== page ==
Western Canadian feeder cattle jumped $3-$5 on average last week, with 800-plus-lb. yearlings trading as much as $8 higher. Historically high finishing margins finally resonated with feedlot operators and a precarious attitude from recent weeks was thrown by the wayside.
Order buyers were inundated with interest as bids were relatively firm across the Prairies. Adverse weather failed to cool the infectious optimism and the market appeared to incorporate a risk premium due to the uncertainty in available supplies. Larger-frame Simmental-cross steers with lower butter levels averaging 850 lbs. were quoted at $170 in the Lethbridge area; 900-lb. larger-frame medium-flesh Limo-cross steers were quoted at $165; medium- to larger-frame Angus-based heifers with medium flesh were quoted at $162 in the same region.
Calves coming on stream this time of year are fairly high quality and there was plenty of competition. Major feedlots didn’t hesitate to spur on farmer-cattle producers for grassers. Quivering lips were noted after a major run up with the winner showing immediate buyers’ remorse. However, it was only a matter time before previous sales looked like a steal. Mixed steers with no special feature averaging just over 700 lbs. sold for $179 in central Alberta while mixed medium-frame 700-lb. heifers quoted at $167.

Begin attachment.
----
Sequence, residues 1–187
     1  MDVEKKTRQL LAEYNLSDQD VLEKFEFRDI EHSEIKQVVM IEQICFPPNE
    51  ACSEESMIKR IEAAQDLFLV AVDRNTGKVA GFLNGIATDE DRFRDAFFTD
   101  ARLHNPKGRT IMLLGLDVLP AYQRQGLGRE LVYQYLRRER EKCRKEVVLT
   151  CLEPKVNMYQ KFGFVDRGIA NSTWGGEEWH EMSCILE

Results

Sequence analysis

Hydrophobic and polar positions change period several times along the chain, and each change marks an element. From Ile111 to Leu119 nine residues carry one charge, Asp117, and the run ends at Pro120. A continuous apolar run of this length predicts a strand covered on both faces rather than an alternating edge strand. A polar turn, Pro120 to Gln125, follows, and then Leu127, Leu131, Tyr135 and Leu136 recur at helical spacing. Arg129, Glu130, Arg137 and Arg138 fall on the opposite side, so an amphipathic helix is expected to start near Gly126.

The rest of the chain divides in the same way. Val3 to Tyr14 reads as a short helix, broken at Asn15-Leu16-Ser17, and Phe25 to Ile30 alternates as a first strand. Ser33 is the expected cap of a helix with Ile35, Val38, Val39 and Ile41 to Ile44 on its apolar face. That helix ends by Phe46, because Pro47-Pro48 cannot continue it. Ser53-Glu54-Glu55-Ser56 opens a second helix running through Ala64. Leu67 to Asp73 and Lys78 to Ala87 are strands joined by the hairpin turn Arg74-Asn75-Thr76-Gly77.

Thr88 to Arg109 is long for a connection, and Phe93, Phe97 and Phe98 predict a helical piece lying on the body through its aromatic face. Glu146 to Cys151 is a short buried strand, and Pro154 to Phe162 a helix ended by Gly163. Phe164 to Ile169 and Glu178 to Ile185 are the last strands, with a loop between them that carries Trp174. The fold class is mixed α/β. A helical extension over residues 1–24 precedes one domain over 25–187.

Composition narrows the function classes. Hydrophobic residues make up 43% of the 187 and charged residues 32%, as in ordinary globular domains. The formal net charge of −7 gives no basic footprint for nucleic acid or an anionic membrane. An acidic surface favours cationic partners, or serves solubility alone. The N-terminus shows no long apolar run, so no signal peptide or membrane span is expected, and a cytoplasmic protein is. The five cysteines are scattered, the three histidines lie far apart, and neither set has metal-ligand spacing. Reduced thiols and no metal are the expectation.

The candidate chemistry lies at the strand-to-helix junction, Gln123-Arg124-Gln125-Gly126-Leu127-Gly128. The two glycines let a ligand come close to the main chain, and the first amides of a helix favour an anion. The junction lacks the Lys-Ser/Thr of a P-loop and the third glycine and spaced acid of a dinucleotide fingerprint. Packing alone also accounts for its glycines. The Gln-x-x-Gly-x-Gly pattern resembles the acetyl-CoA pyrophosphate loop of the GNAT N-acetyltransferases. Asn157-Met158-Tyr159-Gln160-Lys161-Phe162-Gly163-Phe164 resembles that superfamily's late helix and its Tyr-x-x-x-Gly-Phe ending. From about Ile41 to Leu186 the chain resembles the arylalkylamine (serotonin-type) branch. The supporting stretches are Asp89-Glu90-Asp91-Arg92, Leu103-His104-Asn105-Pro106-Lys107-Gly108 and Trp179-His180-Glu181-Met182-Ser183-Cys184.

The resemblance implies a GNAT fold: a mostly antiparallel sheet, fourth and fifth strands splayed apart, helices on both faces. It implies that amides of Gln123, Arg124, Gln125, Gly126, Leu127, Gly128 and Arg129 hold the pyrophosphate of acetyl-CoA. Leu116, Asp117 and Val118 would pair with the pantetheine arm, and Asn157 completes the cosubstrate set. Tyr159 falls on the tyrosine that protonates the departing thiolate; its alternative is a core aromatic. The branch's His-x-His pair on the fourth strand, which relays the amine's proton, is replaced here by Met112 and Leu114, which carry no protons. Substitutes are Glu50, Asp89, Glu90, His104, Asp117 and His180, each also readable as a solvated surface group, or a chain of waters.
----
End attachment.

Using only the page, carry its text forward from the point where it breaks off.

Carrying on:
Alberta packers were buying fed cattle in the range of $162-$165, which is approximately $25-$30 above break-even pen closeout values. The feeder market definitely has upward momentum while feedlots are closing their eyes on the sharp futures discount noted in the summer months. The nearby fed cattle basis level is so strong, the feeling is these futures have to rally or the cash has serious downside. It’s a wait-and-see situation but with the margins at the current levels, they can absorb the abnormal market dynamics for some time.
— Jerry Klassen is manager of the Canadian office for Swiss-based grain trader GAP SA Grains and Produits. He is also president and founder of Resilient Capital, which specializes in proprietary commodity futures trading and commodity market analysis. Jerry owns farmland in Manitoba and Saskatchewan but grew up on a mixed farm/feedlot operation in southern Alberta, which keeps him close to the grassroots level of grain and cattle production. Jerry is a graduate of the University of Alberta. He can be reached at 204-504-8339.